Guralnick, Robert M. 1950-

Overview
Works: 32 works in 70 publications in 1 language and 715 library holdings Conference papers and proceedings Author, Editor
Publication Timeline
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Most widely held works about Robert M Guralnick

Most widely held works by Robert M Guralnick
Symmetric and alternating groups as monodromy groups of Riemann surfaces I : generic covers and covers with many branch points by Robert M Guralnick( Book )

13 editions published in 2007 in English and held by 265 WorldCat member libraries worldwide

The authors consider indecomposable degree $n$ covers of Riemann surfaces with monodromy group an alternating or symmetric group of degree $d$. They show that if the cover has five or more branch points then the genus grows rapidly with $n$ unless either $d = n$ or the curves have genus zero, there are precisely five branch points and $n =d(d-1)/2$. Similarly, if there is a totally ramified point, then without restriction on the number of branch points the genus grows rapidly with $n$ unless either $d=n$ or the curves have genus zero and $n=d(d-1)/2$. One consequence of these results is that if $f:X \rightarrow \mathbb{P} 1$ is indecomposable of degree $n$ with $X$ the generic Riemann surface of genus $g \ge 4$, then the monodromy group is $S_n$ or $A_n$ (and both can occur for $n$ sufficiently large). The authors also show if that if $f(x)$ is an indecomposable rational function of degree $n$ branched at $9$ or more points, then its monodromy group is $A_n$ or $S_n$. Finally, they answer a question of Elkies by showing that the curve parameterizing extensions of a number field given by an irreducible trinomial with Galois group $H$ has large genus unless $H=A_n$ or $S_n$ or $n$ is very small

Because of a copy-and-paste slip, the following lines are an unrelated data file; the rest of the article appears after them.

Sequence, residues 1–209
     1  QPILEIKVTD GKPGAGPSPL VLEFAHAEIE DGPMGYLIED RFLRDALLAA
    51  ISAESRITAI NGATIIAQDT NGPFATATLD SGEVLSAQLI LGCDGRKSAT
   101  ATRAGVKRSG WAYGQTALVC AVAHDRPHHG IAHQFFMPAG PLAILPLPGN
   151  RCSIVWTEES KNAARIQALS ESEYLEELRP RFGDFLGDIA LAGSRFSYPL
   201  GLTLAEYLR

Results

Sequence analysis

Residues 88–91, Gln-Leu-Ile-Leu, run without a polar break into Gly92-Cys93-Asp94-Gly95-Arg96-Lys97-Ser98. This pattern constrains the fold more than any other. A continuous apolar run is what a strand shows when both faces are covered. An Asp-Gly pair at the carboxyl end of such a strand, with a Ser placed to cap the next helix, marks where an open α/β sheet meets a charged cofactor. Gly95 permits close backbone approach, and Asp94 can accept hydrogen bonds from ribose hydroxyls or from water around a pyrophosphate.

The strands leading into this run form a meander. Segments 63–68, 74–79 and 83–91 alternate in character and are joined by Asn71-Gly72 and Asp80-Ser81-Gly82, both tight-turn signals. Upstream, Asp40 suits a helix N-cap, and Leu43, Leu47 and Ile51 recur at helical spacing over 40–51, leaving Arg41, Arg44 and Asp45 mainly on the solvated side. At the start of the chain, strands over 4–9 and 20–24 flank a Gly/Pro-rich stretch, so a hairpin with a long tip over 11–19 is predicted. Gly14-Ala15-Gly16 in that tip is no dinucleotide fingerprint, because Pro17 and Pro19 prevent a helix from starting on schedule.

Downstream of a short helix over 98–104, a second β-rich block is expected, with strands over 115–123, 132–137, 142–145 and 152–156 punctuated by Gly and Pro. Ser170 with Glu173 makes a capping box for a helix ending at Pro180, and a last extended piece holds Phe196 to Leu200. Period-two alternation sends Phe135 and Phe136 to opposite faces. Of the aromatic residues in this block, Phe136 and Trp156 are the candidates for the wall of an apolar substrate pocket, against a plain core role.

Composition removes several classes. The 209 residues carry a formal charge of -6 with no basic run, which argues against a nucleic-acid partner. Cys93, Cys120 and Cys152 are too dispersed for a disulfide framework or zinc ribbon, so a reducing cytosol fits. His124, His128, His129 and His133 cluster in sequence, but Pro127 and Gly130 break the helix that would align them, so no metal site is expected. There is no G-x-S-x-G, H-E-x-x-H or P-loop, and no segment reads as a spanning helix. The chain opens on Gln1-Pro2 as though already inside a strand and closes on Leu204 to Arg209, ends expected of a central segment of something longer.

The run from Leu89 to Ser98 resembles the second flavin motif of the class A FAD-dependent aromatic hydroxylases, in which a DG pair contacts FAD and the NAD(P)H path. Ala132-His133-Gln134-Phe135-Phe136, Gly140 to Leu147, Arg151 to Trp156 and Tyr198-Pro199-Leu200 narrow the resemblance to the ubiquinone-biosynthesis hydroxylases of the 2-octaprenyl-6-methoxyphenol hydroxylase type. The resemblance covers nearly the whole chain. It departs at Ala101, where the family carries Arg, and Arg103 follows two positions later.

The rational function analogue of a question of Schur and exceptionality of permutation representations by Robert M Guralnick( Book )

12 editions published between 1999 and 2003 in English and held by 263 WorldCat member libraries worldwide

Finite Simple Groups : Thirty Years of the Atlas and Beyond : international conference, Finite Simple Groups: Thirty Years of the Atlas and Beyond, Celebrating the Atlases and Honoring John Conway, November 2-5, 2015, Princeton University, Princeton, NJ by Manjul Bhargava( Book )

10 editions published in 2017 in English and held by 124 WorldCat member libraries worldwide

A mathematics conference partially based on Atlas of finite groups, by John H. Conway, et al. (Oxford University Press, 1985)
Computational linear algebra in algebraic and related problems( Book )

2 editions published in 1993 in English and held by 9 WorldCat member libraries worldwide

Symmetric and alternating groups as monodromy groups of Riemann surfaces by Robert M Guralnick( Book )

in English and held by 7 WorldCat member libraries worldwide

Classification of 2F-modules, I by Robert M Guralnick( Book )